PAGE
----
implementation of ICD-10 in other countries
56
NCVHS Standards & Security
Subcommittee Hearings on
Replacements to ICD-9-CM
• There is an urgent need to begin the process
to move to newer and better standards for
diagnoses and procedures
• Replacing ICD-9-CM is essential, but it will
take time & resources to implement system
changes that will be required
57
NCVHS Subcommittee on
Standards & Security Hearings
Findings
• The replacement of the diagnosis and
procedure classifications should occur
simultaneously
• Some stakeholders believe there is a need to
more fully explore issues related to costs,
timing, & resources before publishing an
NPRM
58
8/29/02 NCVHS Subcommittee
on Standards and Security
• Additional testimony was provided
• NCVHS Subcommittee on Standards and Security
agreed to forward a recommendation to the full
NCVHS
– Propose that the Secretary of HHS issue an NPRM
for US adoption of ICD-10-CM and ICD-10-PCS
(inpatient only).
– NPRM should include an in-depth impact analysis
of the change
– Any change should not be required before
October 2005.
59
8/29/02 NCVHS Subcommittee
on Standards and Security
• Subcommittee further recommended the NPRM
allow those commenting to:
– Comment on options of how and when HHS would
implement these coding standards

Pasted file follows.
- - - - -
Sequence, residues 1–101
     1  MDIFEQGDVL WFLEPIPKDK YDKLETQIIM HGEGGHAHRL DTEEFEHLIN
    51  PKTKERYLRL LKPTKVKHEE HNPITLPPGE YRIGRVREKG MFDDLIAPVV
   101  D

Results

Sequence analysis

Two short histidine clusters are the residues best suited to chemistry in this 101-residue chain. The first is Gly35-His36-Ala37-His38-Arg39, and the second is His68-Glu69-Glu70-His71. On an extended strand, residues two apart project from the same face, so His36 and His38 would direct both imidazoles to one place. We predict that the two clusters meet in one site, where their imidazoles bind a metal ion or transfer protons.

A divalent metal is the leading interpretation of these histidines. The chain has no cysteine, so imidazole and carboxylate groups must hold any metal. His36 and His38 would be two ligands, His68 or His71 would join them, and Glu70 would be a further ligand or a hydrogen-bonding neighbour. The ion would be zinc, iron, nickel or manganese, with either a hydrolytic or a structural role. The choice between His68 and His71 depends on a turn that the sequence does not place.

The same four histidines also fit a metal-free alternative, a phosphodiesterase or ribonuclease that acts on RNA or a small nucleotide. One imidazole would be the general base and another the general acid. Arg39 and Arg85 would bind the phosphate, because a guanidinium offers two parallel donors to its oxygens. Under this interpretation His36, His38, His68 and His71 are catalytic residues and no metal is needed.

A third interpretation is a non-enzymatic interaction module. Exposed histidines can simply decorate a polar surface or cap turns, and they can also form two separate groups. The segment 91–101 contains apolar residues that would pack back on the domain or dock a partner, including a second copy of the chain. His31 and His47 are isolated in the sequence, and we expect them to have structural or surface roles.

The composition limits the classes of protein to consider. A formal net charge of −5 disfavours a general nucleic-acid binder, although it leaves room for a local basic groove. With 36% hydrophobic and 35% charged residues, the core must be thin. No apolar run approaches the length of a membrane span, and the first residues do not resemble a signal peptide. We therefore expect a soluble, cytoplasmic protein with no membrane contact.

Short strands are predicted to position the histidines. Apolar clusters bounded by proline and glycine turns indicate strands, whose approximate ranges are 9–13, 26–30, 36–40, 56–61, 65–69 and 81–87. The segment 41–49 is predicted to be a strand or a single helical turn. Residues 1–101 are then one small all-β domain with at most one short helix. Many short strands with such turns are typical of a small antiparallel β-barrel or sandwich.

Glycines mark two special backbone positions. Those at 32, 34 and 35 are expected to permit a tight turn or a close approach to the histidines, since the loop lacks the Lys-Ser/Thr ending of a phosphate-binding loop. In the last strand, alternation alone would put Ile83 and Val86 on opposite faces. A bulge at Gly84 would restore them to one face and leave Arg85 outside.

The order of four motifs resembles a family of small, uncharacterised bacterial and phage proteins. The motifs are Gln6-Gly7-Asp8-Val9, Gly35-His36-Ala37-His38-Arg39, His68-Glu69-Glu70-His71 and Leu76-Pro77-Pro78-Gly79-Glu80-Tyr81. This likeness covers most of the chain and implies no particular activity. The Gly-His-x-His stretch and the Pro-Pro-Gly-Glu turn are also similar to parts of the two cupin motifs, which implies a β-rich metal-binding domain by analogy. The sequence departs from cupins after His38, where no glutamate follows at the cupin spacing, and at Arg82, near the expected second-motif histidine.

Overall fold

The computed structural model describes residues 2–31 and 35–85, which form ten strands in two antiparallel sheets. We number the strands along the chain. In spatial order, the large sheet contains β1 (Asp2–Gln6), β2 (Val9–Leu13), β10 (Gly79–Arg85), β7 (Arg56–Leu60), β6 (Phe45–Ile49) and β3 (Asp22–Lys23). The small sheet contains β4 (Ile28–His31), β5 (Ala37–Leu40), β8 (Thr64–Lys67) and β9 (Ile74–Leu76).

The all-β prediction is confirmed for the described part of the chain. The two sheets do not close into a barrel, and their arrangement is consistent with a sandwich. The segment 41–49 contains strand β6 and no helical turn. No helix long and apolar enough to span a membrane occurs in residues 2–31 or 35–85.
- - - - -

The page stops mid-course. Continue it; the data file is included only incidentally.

– Review cost estimates of such implementations
– Provide their own studies related to costs of
implementation and value of making such a coding
change
60
9/25/02 NCVHS Full
Committee
• NCVHS considered approval of the
Subcommittee’s recommendation of issuance of
NPRM for ICD-10-CM and ICD-10-PCS
including:
– Requirement of full impact analysis
– Invites comments from the public
– Requires the department to respond to the public
comments
• No action taken on letter
61
11/19-20/02 NCVHS Full
Committee
• NCVHS to hear presentation by Standards
& Security Subcommittee of issues related
to migrating to ICD-10-CM and ICD-10PCS including:
– Pertinent background information
– Intricacies of issues
• timing; cost/benefit analysis
62
Web Site
NCHS Classification Home Page:
ICD-9-CM, ICD-10, ICD-10-CM, and ICF
http://www.cdc.gov/nchs/icd9.htm
National Committee on Vital and Health
Statistics:
http://ncvhs.hhs.gov/
63